Kareem Abdul Jabbar (born 1947), formerly Ferdinand Lewis Alcindor, Jr. was one of the greatest basketball players to play the game at the high school, college, and professional ranks.
Kareem Abdul Jabbar was born Ferdinand Lewis Alcindor, Jr., on April 16, 1947, in New York City, the only child of Ferdinand and Cora Alcindor. He grew up in middle-class circumstances in Inwood, an upper Manhattan neighborhood. A Roman Catholic, he attended the St. Jude's parish elementary school, where he excelled in baseball, swimming, and ice skating. His height began to increase dramatically, and his characteristic self-consciousness led him to seek refuge on the basketball court. By the time he completed eighth grade, Jabbar's height had rocketed to six feet, six inches and he played basketball exclusively.
Already a local basketball legend, Jabbar was heavily recruited by many of the local New York preparatory schools. He chose Power Memorial Academy, and his six foot, eight inch height gave Coach Jack Donohue no alternative but to place him on the varsity squad, a rarity for a ninth grader. He spent the year building his coordination. As a sophomore averaging 19 points per game, Jabbar led his team to 27 straight victories en route to the 1963 New York City Catholic High School championship. Power Memorial's unbeaten streak continued the following year, as Jabbar averaged 26 points a game and led Power to another City Catholic High School championship. As a senior he averaged 33 points per game, and although Power's unbeaten streak of 71 games was snapped by DeMatha High School of Hyattsville, Maryland, they again won the New York City Catholic High School championship by going undefeated the rest of the season.
With the college offers as abundant as the publicity, Jabbar heeded the advice of notable African Americans such as Arthur Ashe, Jackie Robinson, and then Undersecretary of the United Nations Ralph Bunche and elected to accept the scholarship from the University of California at Los Angeles (UCLA). A conscientious student, he enrolled at UCLA in the fall of 1965 believing that there would be a strong balance between sports and academics there.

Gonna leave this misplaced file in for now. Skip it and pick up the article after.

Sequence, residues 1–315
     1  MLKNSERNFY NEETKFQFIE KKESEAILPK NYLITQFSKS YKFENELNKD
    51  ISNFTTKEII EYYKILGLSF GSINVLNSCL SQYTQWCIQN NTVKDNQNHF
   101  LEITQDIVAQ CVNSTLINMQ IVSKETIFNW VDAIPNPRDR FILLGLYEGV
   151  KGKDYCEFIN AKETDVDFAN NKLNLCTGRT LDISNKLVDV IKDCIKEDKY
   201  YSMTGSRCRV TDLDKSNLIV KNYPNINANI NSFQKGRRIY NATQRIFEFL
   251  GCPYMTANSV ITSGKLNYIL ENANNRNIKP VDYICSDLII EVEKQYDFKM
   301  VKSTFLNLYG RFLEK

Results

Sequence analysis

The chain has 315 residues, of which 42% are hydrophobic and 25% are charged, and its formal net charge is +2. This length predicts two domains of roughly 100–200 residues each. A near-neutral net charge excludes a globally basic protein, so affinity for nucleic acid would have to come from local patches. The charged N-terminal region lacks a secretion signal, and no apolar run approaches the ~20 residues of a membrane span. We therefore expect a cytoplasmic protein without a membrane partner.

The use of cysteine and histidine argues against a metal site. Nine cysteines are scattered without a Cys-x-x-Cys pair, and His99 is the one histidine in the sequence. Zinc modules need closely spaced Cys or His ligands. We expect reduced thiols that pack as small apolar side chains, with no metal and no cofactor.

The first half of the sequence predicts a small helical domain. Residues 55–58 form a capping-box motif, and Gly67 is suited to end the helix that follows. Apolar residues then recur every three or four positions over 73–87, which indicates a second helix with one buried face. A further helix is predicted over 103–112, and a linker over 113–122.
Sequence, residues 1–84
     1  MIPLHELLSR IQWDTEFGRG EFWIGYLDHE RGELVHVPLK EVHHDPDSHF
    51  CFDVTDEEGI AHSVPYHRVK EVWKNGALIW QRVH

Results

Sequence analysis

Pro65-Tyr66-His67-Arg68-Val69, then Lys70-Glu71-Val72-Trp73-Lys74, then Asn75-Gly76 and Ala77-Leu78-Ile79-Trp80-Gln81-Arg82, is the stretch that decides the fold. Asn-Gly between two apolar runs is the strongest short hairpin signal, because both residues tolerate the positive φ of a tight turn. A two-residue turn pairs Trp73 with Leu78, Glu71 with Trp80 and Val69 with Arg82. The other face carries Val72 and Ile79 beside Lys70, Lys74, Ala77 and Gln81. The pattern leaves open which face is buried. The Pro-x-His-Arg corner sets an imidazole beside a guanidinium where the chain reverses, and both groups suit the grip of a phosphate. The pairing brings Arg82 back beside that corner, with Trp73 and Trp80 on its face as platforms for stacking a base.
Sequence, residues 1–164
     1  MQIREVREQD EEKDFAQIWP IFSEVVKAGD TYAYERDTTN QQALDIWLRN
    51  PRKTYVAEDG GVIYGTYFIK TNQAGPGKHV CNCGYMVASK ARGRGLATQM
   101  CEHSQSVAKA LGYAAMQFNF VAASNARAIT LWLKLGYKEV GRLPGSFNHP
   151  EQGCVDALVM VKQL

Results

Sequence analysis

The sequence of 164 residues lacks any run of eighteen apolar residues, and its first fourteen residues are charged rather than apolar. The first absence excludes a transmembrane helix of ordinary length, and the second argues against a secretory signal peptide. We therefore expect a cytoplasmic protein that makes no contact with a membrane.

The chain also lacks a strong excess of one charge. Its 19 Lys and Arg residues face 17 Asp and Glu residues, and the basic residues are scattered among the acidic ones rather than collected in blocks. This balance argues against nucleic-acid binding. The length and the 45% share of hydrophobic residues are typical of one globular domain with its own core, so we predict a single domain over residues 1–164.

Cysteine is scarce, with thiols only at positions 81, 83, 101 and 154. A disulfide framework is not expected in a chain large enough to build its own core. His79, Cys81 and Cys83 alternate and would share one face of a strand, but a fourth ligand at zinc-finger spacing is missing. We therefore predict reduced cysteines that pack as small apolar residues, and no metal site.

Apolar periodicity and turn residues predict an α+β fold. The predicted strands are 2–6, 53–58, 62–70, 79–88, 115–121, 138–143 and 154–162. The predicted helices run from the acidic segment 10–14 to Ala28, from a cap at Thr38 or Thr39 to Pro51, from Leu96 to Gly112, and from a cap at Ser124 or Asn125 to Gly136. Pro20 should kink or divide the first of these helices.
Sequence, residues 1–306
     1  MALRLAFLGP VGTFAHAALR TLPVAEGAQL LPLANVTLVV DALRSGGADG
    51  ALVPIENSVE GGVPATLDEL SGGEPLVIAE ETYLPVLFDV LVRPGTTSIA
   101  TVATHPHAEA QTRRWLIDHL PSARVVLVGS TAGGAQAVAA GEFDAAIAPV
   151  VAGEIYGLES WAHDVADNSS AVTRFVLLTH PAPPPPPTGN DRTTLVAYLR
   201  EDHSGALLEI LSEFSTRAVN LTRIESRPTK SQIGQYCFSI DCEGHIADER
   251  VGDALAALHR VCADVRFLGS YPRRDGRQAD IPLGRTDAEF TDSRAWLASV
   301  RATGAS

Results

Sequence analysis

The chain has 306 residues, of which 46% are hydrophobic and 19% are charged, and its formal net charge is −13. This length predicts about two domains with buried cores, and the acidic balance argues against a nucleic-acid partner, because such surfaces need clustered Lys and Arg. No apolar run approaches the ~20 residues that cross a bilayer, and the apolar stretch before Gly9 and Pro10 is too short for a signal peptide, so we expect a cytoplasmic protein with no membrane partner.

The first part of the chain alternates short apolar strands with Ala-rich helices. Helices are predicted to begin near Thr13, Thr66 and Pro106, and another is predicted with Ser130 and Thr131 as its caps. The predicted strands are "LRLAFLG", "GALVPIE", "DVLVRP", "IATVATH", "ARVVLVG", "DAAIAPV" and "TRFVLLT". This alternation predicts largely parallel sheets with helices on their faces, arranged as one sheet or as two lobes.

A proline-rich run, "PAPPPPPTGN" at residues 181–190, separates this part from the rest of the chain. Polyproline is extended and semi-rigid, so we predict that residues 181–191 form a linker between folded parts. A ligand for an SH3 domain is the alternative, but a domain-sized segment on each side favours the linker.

Although freshmen were ineligible to play varsity sports at the time, Jabbar gave Coach John Wooden a preview of his forthcoming dominance by leading the freshman team to an easy 75-60 victory over the varsity team that had already won the National Collegiate Athletic Association (NCAA) basketball championship in two of the preceding three seasons. In his first varsity game, Jabbar scored 56 points against California. Along with guards Mike Warren and Lucious Allen and forwards Kenny Heitz and Lynn Shackelford, Jabbar led UCLA to a perfect 26-0 season. The UCLA Bruins again won the national championship in 1967, beating Dayton in the final game.
Jabbar spurned a one-million dollar offer to sign with the Harlem Globetrotters after the 1967 season. In spite of the fact that he was a sensitive individual and somewhat of a loner, Jabbar was also extremely mature for his age and able to cope with constant media attention. He became a history major and enjoyed reading and music. His awareness of racial prejudice was strong, and he became a follower of the teachings of Malcolm X, who stressed pride among African American people. He entered his junior year somewhat jaded, disappointed at the lack of social awareness he saw in many Californians. However, he was also on the threshold of even greater basketball accomplishments.